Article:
On Monday two bills passed out of a State Senate Committee. Both focus on vaccinations for Utah school kids.
The bills would require parents who choose not to have their kids vaccinated to watch an online educational program to make sure they understand the risks of opting out. Other provisions include making immunization exemption forms available online instead of at a doctor’s office and student immunization records would be more easily shared between schools for record keeping or if a student transfers.
Republican Representative Norm Thurston is the sponsor of both bills. Part of the balance of writing them was streamlining the process for kids to get vaccinated without infringing on the rights of parents who choose not to participate.
"This is a difficult issue. And as you can tell, I’m not 100 percent sure I know all the answers to all these questions – should it be opt in should it be opt out, how do we balance the rights of privacy. Should we really require every physician to be in?" Thurston said.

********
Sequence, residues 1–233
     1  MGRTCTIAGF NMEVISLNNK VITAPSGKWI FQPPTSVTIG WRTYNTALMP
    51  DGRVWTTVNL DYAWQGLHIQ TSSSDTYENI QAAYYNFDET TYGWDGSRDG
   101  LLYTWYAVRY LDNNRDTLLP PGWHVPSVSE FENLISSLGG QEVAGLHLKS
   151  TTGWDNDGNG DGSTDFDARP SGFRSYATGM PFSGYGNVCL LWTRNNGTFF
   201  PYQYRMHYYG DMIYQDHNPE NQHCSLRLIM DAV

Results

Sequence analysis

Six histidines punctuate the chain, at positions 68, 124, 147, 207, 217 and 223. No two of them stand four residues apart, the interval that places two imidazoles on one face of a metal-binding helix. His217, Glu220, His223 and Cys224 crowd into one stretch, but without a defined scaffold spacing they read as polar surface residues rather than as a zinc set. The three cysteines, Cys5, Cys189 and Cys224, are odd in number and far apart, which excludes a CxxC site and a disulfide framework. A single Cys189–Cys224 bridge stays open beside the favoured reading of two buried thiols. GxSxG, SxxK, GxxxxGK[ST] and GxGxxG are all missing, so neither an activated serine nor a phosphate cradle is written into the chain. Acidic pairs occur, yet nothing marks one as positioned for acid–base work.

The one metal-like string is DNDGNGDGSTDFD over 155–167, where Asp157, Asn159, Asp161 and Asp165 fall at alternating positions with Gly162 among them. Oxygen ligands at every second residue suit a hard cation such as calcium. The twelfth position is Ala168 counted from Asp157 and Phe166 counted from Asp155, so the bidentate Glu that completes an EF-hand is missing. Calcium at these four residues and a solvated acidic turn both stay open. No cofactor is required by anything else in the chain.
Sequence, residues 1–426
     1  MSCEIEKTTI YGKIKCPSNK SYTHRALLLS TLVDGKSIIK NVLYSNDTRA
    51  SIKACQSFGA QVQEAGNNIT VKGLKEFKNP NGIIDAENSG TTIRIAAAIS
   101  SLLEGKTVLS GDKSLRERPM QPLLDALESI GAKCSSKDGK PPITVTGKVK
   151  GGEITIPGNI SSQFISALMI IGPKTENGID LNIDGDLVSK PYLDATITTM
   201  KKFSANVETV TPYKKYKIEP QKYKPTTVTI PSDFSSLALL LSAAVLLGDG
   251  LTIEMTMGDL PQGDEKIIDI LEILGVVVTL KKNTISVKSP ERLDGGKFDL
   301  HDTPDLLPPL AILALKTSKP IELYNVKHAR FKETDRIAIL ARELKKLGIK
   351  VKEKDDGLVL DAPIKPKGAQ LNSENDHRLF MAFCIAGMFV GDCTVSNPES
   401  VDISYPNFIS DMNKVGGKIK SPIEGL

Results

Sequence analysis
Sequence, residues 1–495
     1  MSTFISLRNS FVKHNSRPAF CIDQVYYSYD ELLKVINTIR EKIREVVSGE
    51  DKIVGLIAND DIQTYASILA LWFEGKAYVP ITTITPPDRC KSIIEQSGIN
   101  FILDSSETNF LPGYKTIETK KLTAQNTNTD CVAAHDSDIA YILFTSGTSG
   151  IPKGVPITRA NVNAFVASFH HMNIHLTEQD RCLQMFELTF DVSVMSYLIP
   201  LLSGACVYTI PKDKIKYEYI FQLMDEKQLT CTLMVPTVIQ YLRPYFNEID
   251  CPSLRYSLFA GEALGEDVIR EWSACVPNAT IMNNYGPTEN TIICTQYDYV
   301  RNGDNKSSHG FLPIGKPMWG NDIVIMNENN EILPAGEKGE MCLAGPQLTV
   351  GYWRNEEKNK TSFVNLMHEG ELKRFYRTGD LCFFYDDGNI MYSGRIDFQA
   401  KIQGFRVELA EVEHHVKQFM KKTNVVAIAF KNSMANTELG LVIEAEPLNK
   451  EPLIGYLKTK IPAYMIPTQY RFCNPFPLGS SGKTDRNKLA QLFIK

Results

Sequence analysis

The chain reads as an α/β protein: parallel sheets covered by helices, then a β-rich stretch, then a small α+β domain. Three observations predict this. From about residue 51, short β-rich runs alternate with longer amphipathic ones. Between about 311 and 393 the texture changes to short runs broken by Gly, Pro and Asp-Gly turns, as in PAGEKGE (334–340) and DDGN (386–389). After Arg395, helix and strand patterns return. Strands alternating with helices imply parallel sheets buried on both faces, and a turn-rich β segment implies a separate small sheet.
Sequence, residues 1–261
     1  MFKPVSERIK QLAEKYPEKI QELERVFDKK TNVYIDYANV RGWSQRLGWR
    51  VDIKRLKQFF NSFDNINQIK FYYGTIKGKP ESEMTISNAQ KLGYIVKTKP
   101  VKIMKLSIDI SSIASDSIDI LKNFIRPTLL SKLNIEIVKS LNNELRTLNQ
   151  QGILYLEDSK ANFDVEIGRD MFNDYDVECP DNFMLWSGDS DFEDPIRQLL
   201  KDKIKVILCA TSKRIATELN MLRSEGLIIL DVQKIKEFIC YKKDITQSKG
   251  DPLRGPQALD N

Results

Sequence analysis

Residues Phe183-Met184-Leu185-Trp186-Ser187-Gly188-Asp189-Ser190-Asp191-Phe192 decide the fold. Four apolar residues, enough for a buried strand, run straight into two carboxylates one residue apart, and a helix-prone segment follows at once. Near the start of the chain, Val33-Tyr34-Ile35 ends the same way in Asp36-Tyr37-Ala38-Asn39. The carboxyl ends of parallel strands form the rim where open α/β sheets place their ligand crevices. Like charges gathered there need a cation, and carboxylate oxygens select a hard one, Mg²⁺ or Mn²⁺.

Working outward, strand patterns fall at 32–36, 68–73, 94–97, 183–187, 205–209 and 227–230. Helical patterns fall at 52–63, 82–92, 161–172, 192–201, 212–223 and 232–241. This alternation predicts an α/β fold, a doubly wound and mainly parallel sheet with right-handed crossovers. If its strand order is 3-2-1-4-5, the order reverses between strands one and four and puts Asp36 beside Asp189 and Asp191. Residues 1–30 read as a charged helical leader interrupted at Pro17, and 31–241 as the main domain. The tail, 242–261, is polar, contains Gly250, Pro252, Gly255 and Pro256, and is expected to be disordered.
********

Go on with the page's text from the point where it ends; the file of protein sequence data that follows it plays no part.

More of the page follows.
During the Senate Committee meeting, both pro- and anti-vaccination advocates spoke in support of the bills.
Gary Edwards is the Director of the Salt Lake County Health Department. He’s been watching both bills closely, especially how they would deal with the new online exemptions to getting vaccinated.
"I think we’ll have to wait and see the impact of these bills. The concern could be that this makes the exemption more convenient for individuals," Edwards said.
In Salt Lake County, Edwards says around three-to-four percent of children are not vaccinated. He says around five percent is where public health experts start to get concerned about overall immunity levels.
Both vaccine bills now go to the full Senate. The bills have already passed the House. The legislative session ends at midnight on Thursday.